Christopher Chelpka

Matthew Poole's Exegetical Humility

Matthew Poole’s honest confession teaches an important lesson in humility.

 Matthew Poole (Pole),by; after Robert White; Unknown artist

Have you ever been confused about a certain passage of the Bible and said something like this?

“I wish I could give you an answer but I can’t. I realize that I’ve had an opportunity now to answer your question more than once, but honestly, even after reading a bunch of books I still don’t know.”

This is the kind of admission you might expect to hear a student make privately in a professor’s office. But would you expect it from an eminent English Puritan in his public commentary on the Bible? Probably not. And yet, when Matthew Poole came to comment on Mark 7:31-37, this is what he said. Here’s the actual, non-paraphrased version:

“Concerning [Jesus’] charge of them not to publish it, and [the people’s] disobedience to it, I have had occasion once and again to speak, and must confess I can neither satisfy myself in the reason from my own thoughts, nor from what I read in others.”
Though I was surprised when I read this, and little disappointed not to hear him answer this question, I couldn’t help but be amazed at the humility in his comment.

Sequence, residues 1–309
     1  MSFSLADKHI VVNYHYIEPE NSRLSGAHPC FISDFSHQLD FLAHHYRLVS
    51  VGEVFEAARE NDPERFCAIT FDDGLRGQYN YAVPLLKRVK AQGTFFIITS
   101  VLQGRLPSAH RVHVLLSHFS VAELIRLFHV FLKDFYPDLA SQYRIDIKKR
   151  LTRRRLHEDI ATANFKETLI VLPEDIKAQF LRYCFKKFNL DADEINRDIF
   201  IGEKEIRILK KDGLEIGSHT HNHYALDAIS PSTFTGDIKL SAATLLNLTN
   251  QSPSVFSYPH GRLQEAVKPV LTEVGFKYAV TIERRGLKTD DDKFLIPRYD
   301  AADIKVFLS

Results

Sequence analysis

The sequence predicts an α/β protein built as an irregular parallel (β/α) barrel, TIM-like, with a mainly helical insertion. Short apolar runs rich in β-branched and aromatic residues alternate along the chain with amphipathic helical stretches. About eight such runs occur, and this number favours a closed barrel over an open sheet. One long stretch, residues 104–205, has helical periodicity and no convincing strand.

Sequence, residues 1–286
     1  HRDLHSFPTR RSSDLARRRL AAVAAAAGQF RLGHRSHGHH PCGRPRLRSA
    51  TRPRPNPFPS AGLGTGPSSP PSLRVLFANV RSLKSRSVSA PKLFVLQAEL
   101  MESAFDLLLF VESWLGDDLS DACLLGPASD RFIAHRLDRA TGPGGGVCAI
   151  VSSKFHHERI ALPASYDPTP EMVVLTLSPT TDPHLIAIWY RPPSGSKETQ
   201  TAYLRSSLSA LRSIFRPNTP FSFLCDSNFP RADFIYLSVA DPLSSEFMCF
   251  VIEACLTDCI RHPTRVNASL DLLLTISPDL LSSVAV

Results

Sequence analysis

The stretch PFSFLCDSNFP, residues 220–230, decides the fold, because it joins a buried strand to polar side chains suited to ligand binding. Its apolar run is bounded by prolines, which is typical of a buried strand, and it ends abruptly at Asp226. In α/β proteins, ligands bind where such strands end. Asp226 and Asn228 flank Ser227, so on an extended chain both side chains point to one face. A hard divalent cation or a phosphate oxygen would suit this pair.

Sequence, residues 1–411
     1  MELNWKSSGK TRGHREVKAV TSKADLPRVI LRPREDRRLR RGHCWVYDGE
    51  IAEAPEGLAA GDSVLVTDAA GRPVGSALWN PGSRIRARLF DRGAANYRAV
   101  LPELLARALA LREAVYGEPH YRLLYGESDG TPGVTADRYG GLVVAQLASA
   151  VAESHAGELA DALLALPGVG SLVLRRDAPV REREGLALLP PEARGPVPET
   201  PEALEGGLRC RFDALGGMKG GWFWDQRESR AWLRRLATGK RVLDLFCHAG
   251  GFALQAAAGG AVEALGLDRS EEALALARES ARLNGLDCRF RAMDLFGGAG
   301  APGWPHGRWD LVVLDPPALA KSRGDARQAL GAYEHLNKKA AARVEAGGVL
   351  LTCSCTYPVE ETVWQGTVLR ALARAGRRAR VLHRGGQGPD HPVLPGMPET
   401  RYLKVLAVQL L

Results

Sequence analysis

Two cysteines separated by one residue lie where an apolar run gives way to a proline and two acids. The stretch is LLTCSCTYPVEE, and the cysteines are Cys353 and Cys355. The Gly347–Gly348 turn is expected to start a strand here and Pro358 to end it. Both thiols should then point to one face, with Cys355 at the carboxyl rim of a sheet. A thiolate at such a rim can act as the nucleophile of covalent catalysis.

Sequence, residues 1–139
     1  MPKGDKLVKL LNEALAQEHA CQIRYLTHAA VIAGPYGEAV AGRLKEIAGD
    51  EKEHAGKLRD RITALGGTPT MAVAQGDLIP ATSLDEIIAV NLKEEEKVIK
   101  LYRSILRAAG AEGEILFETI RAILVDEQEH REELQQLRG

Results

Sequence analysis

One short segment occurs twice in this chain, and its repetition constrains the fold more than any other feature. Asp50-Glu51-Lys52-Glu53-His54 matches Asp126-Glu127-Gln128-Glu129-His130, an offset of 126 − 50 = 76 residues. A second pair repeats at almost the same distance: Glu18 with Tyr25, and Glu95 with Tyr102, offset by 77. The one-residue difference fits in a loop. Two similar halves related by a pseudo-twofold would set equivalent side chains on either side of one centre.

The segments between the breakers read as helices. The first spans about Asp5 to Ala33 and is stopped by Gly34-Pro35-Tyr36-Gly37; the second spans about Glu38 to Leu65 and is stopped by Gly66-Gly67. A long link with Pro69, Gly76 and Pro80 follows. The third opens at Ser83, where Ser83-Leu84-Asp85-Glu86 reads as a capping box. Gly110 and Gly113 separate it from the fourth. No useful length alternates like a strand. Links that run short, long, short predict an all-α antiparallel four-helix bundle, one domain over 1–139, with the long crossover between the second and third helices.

Remember that Matthew Poole was no exegetical slacker and people knew it. Charles Spurgeon would later say of him: “Poole is not so pithy and witty by far as Matthew Henry, but he is perhaps more accurate, less a commentator, and more an expositor.”

In addition to his exegetical skills, Matthew Poole was known for being well-read in the works of the past. When he says he is not satisfied “from what I read in others,” you should know that he had already written and published a five-volume compilation of the exegesis biblical commentators had already done before him.

With a solid reputation in both exegesis and the history of exegesis, how easily could he have asserted something that he knew was close enough to the truth and thus save himself some embarrassment. But he didn’t do that. Instead, Poole decided to say—even “confess”—that he didn’t know.

So Poole’s admission didn’t help me much with Mark 7:31-37, but coming from him, it felt like permission to have some exegetical humility myself. Sometimes it’s okay to say, “I don’t know.”

How refreshing.